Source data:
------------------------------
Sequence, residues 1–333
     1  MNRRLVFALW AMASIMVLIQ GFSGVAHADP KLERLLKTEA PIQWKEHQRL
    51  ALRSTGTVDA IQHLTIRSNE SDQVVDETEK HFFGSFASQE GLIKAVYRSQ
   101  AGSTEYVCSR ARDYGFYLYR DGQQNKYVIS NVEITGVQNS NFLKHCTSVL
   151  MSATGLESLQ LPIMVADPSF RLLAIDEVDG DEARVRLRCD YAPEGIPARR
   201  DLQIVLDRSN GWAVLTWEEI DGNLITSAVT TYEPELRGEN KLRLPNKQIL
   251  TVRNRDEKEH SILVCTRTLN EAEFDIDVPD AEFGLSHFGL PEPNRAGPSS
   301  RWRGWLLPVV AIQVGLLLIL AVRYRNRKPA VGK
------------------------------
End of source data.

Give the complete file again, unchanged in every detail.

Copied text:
Sequence, residues 1–333
     1  MNRRLVFALW AMASIMVLIQ GFSGVAHADP KLERLLKTEA PIQWKEHQRL
    51  ALRSTGTVDA IQHLTIRSNE SDQVVDETEK HFFGSFASQE GLIKAVYRSQ
   101  AGSTEYVCSR ARDYGFYLYR DGQQNKYVIS NVEITGVQNS NFLKHCTSVL
   151  MSATGLESLQ LPIMVADPSF RLLAIDEVDG DEARVRLRCD YAPEGIPARR
   201  DLQIVLDRSN GWAVLTWEEI DGNLITSAVT TYEPELRGEN KLRLPNKQIL
   251  TVRNRDEKEH SILVCTRTLN EAEFDIDVPD AEFGLSHFGL PEPNRAGPSS
   301  RWRGWLLPVV AIQVGLLLIL AVRYRNRKPA VGK